May 2019 – Vol 1, Issue 2

 
 

John Dryden’s "All for Love" as a Play of the Perfection of the Good

Mr. M. Arul Darwin


Abstract

At the point when the Restoration happened in England, there were essentially no new stage plays. The essayists returned to old works, for example, "Antony and Cleopatra". The paper indicates how Dryden's "All for Love" comes back to breaking down the sentimental legend. It is Dryden's best-known and most performed play. It is a catastrophe written in clear stanza and is an endeavor on Dryden's part to revitalize genuine show. Dryden bargains in this play with a similar subject as that of Shakespeare's Antony and Cleopatra. In this play the conceptual components drive the play forward as opposed to solid ones. Dryden likewise move theoretical components into the solid by the characters encompassing Antony symbolize various feelings and roles.all the characters here are impacted by political and individual inspiration. It is one of the focal topics of the play. Antony has an interior clash between picking his affection or his position. Therefore, the article focuses on the perfection of the good in the play.

Kerwords: John Dryden, All for Love, Perfection of the Good

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Johann Wolfgang Von Goethe’s “Faust” as a Tragedy

Mr. R. Ganesh Kumar, B.T. Assistant of English, APT Durairaj Hr. Sec. School, Madurai.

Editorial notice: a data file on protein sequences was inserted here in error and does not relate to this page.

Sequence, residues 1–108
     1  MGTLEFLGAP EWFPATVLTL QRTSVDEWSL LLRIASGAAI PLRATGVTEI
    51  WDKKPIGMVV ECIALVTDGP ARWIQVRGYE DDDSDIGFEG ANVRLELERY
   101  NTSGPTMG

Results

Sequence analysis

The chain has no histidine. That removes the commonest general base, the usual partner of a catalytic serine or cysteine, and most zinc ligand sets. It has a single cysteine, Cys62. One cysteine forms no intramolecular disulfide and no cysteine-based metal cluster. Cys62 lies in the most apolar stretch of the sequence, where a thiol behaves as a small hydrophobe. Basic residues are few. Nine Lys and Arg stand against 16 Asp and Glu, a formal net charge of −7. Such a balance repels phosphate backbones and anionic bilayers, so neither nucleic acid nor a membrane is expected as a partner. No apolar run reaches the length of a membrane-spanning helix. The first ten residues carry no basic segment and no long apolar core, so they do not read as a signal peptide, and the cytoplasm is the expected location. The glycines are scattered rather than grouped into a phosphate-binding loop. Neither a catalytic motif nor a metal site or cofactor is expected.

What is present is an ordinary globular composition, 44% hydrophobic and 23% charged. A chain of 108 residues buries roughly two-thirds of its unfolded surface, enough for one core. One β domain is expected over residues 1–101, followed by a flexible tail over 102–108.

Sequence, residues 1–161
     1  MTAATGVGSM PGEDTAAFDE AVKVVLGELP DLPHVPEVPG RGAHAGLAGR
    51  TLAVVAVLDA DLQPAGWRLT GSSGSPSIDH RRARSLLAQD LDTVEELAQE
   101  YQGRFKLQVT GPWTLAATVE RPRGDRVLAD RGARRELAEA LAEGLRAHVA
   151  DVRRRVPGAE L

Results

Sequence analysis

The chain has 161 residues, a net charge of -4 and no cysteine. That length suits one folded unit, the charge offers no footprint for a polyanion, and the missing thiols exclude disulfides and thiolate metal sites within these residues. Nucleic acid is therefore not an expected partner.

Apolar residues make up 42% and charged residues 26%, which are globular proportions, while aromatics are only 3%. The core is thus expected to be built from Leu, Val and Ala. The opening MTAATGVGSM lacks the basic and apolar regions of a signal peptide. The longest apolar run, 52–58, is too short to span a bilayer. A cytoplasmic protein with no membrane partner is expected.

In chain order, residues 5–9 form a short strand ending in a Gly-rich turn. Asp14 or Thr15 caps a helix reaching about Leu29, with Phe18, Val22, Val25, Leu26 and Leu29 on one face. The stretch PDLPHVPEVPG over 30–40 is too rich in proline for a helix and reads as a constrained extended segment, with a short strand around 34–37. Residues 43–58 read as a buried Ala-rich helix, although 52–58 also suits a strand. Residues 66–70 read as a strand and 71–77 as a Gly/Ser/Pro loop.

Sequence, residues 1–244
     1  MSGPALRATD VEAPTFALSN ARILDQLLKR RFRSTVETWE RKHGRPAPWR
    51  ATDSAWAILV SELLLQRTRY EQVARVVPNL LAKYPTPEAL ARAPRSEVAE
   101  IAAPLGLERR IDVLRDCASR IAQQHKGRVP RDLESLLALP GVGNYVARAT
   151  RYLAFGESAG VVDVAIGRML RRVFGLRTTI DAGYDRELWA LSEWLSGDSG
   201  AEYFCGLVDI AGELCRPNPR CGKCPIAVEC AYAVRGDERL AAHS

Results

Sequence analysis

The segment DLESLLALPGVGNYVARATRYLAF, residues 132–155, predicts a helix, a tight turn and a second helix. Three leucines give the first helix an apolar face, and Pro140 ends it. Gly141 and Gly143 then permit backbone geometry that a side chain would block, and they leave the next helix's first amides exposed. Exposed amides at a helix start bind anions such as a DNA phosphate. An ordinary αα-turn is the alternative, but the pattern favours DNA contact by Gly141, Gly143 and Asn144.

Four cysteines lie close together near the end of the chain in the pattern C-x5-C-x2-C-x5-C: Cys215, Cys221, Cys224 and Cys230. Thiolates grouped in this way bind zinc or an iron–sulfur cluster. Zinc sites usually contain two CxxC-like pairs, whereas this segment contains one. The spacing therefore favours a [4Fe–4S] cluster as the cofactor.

Mr. A. Thangadurai, ELT Trainer, Guru Academy, Madurai.


Abstract

The delineating of the story of Faustus from Goethe’s "Faust” is a dissemination of the good and the evil in a human being. The story of Faust starts in Heaven. While holy messengers adore The Lord for his creation, Mephistopheles, the Devil, grumbles about the situation on the planet. Humanity is degenerate, he claims, and he delights in the underhandedness and fiasco that he can cause. Mephistopheles makes a wager with The Lord that he will most likely turn one of his workers, Dr. Faust, over to sin and wickedness. The Lord concurs, asserting that Faust will remain a dedicated supporter. On taking these points, the paper elicits the story with just justification

Keywords: Johann Wolfgang Von Goethe, Faust, Faustus, Tragedy

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Geoffrey Chaucer’s "The Nun's Priest's Tale"- An Inspection

Ms. M. Kanaka,II M.A. English Literature, MSUC College, Nagalapuram.


Abstract

"The Nun's Priest's Tale" is a standout amongst the best-cherished and best-known about the majority of the Tales, and one whose classification, in Chaucer's time and now, is right away conspicuous. It is a monster tale, much the same as Aesop's tale, and as one of Chaucer's successors, the medieval Scots artist Robert Henryson, would proceed to investigate in extraordinary detail, its key relationship is that among human and creature. The key inquiry of the class is tended to toward the end by the storyteller himself: informing the individuals who discover a story regarding creatures an indiscretion to take the good from the story, ignoring the story itself. In any case, would we be able to take a human good from a story about creatures? Will a creature speak to – even just in a story – a human in any helpful manner? Hence, the paper discloses the ideas regarding to the analysis.

Keywords: Geoffrey Chaucer, The Nun's Priest's Tale, Tales,

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An Analysis of the Anglo-Saxon Epic "Beowulf"

Ms. P. Kanimozhi, II M.A. English Literature, MSUC College, Nagalapuram.


Abstract